Hey, I am trying to prove that:
lim(nth root of n)=1 as n approaches infinity and that
lim(nth root of n+1)=1 as n approaces infinity
I do not know how to go about it. Can anybody help??
Is using the delta-epsilon definition of a limit or a less rigorous method?
Start with considering any function $\displaystyle f(n)=n^\left(\frac{1}{n}\right)$. You can do this both graphically and analytically. For the first way, use a calculator to see the trend as n tends to infinity. For the second way, look at the exponential part of the function. What is $\displaystyle \lim_{n\rightarrow\infty}\frac{1}{n}$? And what is any number or variable to that answer?
This happens to be a famous limit
I will prove that $\displaystyle \lim_{n\rightarrow \infty} n^{\frac{1}{n}}$=1.
Notice that the function $\displaystyle n^{\frac{1}{n}}$ is a monotonic decreasing function, which has a lower bound. Thus, $\displaystyle \lim_{n\rightarrow \infty} n^{\frac{1}{n}}$ has a limit. Call that $\displaystyle L$ thus,
L=$\displaystyle \lim_{n\rightarrow \infty} n^{\frac{1}{n}}$
thus,
$\displaystyle \ln L=\ln (\lim_{n\rightarrow \infty} n^{\frac{1}{n}})$
But because $\displaystyle \ln$ is countinous for that interval,
$\displaystyle \ln L=\lim_{n\rightarrow \infty} \ln (n^{\frac{1}{n}})$
Thus,
$\displaystyle \ln L=\lim_{n\rightarrow \infty} \frac{\ln n}{n}$
But this fits the necessary condition of L'Hopital's Rule,
$\displaystyle \ln L=\lim_{n\rightarrow \infty} \frac{1}{n}=0$
Thus, $\displaystyle \ln L=0$ thus, $\displaystyle L=1$
Finally putting all of this together,
$\displaystyle \lim_{n\rightarrow \infty} n^{\frac{1}{n}}$=1
This is invalid as it pays no attention to the rate of growth of what isOriginally Posted by Jameson
being raised to $\displaystyle 1/n$. Such an argument would apply to
$\displaystyle \lim_{n\rightarrow\infty}f(n)^{\frac{1}{n}}$
for any real function $\displaystyle f(n)$.
In particular it would appy when $\displaystyle f(n)=n^n$.
RonL
Now:Originally Posted by TexasGirl
$\displaystyle n^{\frac{1}{n}}=e^{\frac{ \ln(n)}{n}}$,
and as the exponential function is continuous if the limit exists:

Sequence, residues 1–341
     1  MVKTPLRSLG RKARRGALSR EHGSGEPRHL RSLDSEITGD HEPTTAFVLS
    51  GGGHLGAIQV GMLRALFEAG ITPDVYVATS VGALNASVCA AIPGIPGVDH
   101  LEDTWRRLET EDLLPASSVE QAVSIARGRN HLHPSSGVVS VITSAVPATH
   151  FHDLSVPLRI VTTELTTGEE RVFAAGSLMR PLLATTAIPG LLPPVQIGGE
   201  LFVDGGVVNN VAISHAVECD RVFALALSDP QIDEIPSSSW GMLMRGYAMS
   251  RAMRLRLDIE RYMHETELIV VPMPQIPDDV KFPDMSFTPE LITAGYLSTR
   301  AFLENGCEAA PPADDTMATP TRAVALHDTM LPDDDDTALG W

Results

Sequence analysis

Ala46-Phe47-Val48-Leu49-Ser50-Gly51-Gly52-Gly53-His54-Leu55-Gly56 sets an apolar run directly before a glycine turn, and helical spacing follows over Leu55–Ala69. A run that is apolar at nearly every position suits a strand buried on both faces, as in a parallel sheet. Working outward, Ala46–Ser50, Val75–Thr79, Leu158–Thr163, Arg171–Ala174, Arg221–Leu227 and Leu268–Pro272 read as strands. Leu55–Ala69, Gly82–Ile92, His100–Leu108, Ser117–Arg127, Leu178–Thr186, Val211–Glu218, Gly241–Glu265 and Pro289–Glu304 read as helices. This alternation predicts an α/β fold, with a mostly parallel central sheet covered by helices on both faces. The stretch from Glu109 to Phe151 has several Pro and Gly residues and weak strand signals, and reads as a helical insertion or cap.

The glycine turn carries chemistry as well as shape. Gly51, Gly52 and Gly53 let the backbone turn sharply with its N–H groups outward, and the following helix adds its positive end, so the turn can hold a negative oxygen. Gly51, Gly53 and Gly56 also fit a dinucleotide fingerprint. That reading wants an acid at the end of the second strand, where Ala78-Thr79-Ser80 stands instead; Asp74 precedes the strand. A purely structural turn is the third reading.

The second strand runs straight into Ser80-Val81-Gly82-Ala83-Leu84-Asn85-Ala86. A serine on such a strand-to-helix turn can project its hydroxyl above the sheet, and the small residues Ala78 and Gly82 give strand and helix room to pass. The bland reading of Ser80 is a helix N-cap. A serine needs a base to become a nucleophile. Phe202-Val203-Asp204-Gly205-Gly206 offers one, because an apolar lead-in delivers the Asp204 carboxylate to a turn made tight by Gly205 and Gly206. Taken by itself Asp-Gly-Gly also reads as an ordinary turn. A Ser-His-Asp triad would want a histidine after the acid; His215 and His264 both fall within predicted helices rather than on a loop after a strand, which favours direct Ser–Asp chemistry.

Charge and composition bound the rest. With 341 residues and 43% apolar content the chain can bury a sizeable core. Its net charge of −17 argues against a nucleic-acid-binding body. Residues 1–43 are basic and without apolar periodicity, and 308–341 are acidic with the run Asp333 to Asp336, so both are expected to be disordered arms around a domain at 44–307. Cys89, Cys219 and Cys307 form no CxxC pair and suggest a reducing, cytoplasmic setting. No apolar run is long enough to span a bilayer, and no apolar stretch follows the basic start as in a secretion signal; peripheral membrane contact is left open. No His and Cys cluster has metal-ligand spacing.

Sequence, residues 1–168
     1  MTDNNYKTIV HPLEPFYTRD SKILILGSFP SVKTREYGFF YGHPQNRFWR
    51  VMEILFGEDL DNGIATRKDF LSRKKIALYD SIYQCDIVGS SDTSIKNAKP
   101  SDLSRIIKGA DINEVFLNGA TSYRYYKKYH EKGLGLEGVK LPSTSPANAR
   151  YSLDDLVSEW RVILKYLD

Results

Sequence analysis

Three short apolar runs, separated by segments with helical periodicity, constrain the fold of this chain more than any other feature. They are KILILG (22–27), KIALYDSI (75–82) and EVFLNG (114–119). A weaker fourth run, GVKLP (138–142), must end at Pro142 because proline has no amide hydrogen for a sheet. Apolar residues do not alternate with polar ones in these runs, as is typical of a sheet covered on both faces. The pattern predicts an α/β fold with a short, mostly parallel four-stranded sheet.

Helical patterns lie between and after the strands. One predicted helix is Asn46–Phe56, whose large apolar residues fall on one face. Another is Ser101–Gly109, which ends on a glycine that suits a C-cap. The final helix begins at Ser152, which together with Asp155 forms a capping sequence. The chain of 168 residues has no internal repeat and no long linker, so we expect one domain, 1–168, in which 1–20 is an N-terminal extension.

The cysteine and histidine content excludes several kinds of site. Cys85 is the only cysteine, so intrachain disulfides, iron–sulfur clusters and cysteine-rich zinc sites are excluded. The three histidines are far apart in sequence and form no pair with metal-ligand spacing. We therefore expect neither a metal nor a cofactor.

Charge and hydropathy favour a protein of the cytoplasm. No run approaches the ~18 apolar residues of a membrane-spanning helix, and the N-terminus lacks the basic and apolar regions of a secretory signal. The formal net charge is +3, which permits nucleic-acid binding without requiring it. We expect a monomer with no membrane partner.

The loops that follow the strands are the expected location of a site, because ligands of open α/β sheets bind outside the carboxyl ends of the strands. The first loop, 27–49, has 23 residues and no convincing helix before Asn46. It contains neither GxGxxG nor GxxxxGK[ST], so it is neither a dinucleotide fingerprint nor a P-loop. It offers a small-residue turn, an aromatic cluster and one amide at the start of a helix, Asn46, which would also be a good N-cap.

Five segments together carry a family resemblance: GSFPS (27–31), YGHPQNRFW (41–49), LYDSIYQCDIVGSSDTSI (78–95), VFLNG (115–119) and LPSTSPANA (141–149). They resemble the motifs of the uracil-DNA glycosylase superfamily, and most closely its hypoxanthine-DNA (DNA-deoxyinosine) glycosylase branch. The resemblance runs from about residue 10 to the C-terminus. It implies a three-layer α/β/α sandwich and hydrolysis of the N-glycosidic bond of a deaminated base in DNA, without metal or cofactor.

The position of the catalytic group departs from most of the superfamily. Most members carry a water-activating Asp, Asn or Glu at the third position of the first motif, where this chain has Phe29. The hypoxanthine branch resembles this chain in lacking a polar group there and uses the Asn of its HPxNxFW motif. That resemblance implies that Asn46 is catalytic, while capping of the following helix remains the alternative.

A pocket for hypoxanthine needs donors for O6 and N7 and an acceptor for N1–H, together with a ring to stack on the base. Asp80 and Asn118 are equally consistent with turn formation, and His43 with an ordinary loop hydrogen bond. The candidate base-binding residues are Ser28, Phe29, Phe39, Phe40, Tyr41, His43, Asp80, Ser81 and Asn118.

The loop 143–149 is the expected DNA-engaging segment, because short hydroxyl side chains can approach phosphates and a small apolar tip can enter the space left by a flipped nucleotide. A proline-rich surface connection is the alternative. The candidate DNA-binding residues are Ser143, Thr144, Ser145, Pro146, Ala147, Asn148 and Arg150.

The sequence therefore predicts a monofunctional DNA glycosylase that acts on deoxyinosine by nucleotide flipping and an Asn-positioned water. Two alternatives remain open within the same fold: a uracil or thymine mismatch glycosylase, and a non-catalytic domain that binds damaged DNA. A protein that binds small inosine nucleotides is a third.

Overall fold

$\displaystyle \lim_{n\rightarrow \infty} n^{\frac{1}{n}}=e^{\lim_{n\rightarrow \infty}\frac{ \ln(n)}{n}}$,
so we need only worry about:
$\displaystyle \lim_{n\rightarrow \infty}\frac{ \ln(n)}{n}$.
Now this is dealt with elsewhere in this thread by ThePerfectHacker, but
an informal short cut is available which tells us what this limit is.
The sort cut is that log functions grow more slowly than any power
of its argument, that is for all $\displaystyle \alpha \epsilon \mathbb{R}$, there exists a $\displaystyle k$ such that:
$\displaystyle \ln (x) < k.x^{\alpha}$,
for all $\displaystyle x$ sufficiently large. Which is sufficient to show that
$\displaystyle \lim_{n\rightarrow \infty}\frac{ \ln(n)}{n^{\beta}}=0$,
for any $\displaystyle \beta \epsilon \mathbb{R}$. Of course this can also be demonstrated
using L'Hopital's rule as is done for $\displaystyle \beta = 1$ elsewhere in this thread.
RonL
Jameson's statement is a fallacy - you need to consider the rate ofOriginally Posted by ThePerfectHacker
growth of what is raised to $\displaystyle 1/n$ not just that the limit
of the exponent is $\displaystyle 0$. Its explained in my response to
Jameson's post.
RonL
I know, I told him that.Originally Posted by CaptainBlack
For the second thing you cannot just take the natural logarithm of the limit you must first prove it exists. It is a common mistake by just taking the natural logarithm because we are assuming it exits.
I don't understand your point. Obviously $\displaystyle lim_{x\rightarrow\infty}n^n=\infty$ I was simply telling her to analytically think about the trend of the exponent. If I made a mistake I apologize, but I really don't see how I was false in showing that as n approaches infinity, the function becomes $\displaystyle n^0$Originally Posted by CaptainBlack
Your argument about the exponent if valid would also prove that:Originally Posted by Jameson
$\displaystyle \lim_{x\rightarrow\infty}(n^n)^{1/n}=1$,
as here also the outer exponent goes to zero and as we know anything
raised to the power zero (if non-zero) is unity.
RonL